but I think the best easel for pastel must those with shelves on them like this one. sorry I'm not allowed to put images or urls here

You can do insert photos on your third post....the restriction is to put spammer off.:)

10-30-2011, 12:12 PM
Debora, another vote for the Mabef. I got mine about thirty years ago (no exaggeration), so it's bigger and a bit clunkier than the new versions. And like Chris, I had to saw about four inches off the top bar, but now it's fine.

10-31-2011, 06:04 PM
I've got a big wooden easel, I can sit down and put the shelf down or put it very high and stand. I'm quite satisfied with it.
but I think the best easel for pastel must those with shelves on them like this one. sorry I'm not allowed to put images or urls here

Looking at the photo, what you have is a portable easel, a Julian Easel or a knock-off of one. It's fine for plein air painting and small works. If you don't get a good one, they tend to fall apart. I have two. One I now use as a table easel because the hardware on the legs broke apart, and a half easel of the same variety I varnished and reinforced the hardware (lesson learned from the first one). It goes out on location. So far OK, though I've had it only 2 years.

The best portable inexpensive (relatively) easel I've found for pastels is the Anderson Easel. I've had mine 6 years. But it is not for everyone. It's too short for tall folks. Mine, the older version, is limited in the mast size, and there were problems with the hardware. I sent it back and Anderson fixed it with new hardware. I understand the easel has been sufficiently updated since, but if you are buying from a supplier, you should find out which model they are trying to sell you.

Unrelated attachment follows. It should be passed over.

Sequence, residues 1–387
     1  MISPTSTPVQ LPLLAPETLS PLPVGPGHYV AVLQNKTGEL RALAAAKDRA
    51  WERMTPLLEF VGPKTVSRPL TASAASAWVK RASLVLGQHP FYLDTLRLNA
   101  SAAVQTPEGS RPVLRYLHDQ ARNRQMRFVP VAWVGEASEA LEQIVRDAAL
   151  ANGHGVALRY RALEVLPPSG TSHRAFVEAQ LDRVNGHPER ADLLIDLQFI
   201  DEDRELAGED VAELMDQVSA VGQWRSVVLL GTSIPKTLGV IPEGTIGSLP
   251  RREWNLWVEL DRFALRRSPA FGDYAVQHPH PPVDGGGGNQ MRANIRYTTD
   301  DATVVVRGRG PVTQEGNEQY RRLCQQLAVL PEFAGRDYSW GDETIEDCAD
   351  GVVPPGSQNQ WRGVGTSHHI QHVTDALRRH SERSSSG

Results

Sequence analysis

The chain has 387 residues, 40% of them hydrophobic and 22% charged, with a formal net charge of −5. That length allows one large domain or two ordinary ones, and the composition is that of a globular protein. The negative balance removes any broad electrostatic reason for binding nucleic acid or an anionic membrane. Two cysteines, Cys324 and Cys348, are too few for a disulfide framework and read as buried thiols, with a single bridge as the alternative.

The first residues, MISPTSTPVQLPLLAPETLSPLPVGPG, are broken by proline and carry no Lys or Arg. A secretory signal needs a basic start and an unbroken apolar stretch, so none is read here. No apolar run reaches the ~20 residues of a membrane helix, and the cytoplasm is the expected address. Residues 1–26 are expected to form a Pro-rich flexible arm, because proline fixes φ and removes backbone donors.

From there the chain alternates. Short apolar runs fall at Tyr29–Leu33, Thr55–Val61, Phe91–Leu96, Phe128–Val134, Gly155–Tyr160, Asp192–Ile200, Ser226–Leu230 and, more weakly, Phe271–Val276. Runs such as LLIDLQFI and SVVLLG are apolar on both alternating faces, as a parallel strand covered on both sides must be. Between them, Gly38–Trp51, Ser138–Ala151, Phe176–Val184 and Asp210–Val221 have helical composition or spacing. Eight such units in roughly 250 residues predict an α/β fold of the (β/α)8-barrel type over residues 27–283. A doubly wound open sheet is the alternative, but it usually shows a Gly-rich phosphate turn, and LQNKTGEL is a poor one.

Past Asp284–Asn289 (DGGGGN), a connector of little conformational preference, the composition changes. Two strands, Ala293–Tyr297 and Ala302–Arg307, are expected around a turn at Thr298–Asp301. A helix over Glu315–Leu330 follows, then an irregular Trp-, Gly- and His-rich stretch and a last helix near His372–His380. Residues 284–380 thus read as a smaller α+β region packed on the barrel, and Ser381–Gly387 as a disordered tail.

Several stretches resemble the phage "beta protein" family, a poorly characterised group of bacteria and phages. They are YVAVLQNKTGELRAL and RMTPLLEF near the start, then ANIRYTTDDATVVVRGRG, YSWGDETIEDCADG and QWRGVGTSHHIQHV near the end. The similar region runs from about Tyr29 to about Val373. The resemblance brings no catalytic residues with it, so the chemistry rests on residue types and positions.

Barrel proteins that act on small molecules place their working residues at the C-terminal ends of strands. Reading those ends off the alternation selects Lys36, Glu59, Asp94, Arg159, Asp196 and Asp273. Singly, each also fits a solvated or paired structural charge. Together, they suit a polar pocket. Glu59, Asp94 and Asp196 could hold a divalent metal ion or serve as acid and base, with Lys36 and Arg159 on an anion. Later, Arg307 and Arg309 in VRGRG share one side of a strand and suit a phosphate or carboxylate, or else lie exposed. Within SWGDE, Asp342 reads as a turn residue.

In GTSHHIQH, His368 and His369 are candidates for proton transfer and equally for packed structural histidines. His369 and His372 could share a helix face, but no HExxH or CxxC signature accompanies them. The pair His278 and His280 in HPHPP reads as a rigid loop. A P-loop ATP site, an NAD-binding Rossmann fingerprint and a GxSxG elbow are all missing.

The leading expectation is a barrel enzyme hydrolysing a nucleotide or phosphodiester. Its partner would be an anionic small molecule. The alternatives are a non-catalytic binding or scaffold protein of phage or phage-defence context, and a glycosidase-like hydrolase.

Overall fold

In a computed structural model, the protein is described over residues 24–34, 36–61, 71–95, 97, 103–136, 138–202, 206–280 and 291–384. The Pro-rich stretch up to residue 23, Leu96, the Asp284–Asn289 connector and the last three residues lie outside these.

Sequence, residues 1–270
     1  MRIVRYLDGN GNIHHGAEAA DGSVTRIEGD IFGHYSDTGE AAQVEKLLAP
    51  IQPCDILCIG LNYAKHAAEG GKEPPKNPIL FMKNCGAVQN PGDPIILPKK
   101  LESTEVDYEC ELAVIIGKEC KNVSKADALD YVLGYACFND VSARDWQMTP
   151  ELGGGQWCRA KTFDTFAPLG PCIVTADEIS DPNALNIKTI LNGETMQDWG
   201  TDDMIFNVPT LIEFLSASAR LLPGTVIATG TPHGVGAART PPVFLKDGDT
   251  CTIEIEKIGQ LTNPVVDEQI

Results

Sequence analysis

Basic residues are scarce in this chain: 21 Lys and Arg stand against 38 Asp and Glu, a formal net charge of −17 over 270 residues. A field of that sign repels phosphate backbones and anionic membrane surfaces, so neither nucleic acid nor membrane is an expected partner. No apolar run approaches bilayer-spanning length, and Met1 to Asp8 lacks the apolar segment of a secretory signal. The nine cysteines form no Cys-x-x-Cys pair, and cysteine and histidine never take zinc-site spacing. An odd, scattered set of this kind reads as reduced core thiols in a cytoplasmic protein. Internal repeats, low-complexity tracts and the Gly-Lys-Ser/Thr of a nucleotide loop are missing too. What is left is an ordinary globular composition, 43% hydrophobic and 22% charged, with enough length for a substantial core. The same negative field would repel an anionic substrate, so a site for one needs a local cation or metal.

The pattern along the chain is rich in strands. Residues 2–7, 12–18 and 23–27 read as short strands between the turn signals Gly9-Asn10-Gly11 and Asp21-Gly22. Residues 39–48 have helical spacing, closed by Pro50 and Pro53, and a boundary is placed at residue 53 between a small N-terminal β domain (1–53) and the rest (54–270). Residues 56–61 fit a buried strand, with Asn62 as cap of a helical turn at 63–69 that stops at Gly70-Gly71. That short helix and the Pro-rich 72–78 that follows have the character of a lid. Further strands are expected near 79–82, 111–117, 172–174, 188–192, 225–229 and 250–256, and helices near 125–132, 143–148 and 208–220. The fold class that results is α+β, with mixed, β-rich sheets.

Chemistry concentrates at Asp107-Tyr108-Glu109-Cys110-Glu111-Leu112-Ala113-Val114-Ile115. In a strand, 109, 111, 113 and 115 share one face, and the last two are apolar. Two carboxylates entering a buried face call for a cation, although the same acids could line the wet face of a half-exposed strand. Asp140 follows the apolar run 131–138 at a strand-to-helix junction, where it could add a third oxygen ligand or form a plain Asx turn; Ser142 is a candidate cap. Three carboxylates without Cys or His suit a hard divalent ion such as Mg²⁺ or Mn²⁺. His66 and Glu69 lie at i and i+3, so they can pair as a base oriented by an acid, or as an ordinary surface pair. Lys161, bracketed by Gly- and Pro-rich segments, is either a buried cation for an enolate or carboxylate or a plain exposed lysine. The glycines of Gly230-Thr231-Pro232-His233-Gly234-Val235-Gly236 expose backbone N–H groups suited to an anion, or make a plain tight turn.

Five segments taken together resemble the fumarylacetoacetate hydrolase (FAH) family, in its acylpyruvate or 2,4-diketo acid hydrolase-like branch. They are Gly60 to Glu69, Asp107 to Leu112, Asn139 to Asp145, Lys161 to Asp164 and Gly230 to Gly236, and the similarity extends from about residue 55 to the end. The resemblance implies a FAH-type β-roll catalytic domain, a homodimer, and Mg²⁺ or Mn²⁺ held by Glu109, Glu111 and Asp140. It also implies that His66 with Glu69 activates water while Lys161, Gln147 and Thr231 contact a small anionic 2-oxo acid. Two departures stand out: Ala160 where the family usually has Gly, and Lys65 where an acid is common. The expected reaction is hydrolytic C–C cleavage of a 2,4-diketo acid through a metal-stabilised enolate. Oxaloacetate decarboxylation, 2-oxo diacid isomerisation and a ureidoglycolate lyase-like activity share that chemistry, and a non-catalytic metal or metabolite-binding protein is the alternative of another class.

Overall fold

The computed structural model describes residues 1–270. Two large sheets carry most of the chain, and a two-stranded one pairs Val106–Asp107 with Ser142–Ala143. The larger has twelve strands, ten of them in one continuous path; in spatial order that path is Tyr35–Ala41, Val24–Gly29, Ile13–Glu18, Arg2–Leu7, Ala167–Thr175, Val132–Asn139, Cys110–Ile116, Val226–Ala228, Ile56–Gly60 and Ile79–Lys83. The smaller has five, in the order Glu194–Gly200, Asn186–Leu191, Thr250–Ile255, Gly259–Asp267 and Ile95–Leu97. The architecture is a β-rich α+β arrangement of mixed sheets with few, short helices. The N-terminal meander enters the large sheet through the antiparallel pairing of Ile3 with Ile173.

10-31-2011, 07:51 PM
Both of my of my inexpensive French (knock off) easels had issues. I gave one away, and disassembled the other one to use for various parts in my studio. The hardward is/was very subpar so pliars were a must have whenever I took the French on an adventure. And wherever it was first set up, that is where it would remain for that day, as it was too difficult to relocate it to another spot.

My replacement set up is an Anderson Easel with a short mast - which I like. Since I am only 5'5", the low mast is not much of an issue, but it certainly is right on the borderline of workability. The more important item, to me, regarding the Anderson is that I can turn the mast to the side so my pastels are at my right hand instead of in front of me just below a work in progress. Information overload is my biggest hurdle when working outside, so not having all of those pastel colors right in my line of vision makes it easier for me to work.

Anderson's are very light weight - much lighter than any French easel at any cost. This fact helps if you tote a lot of stuff into the field. J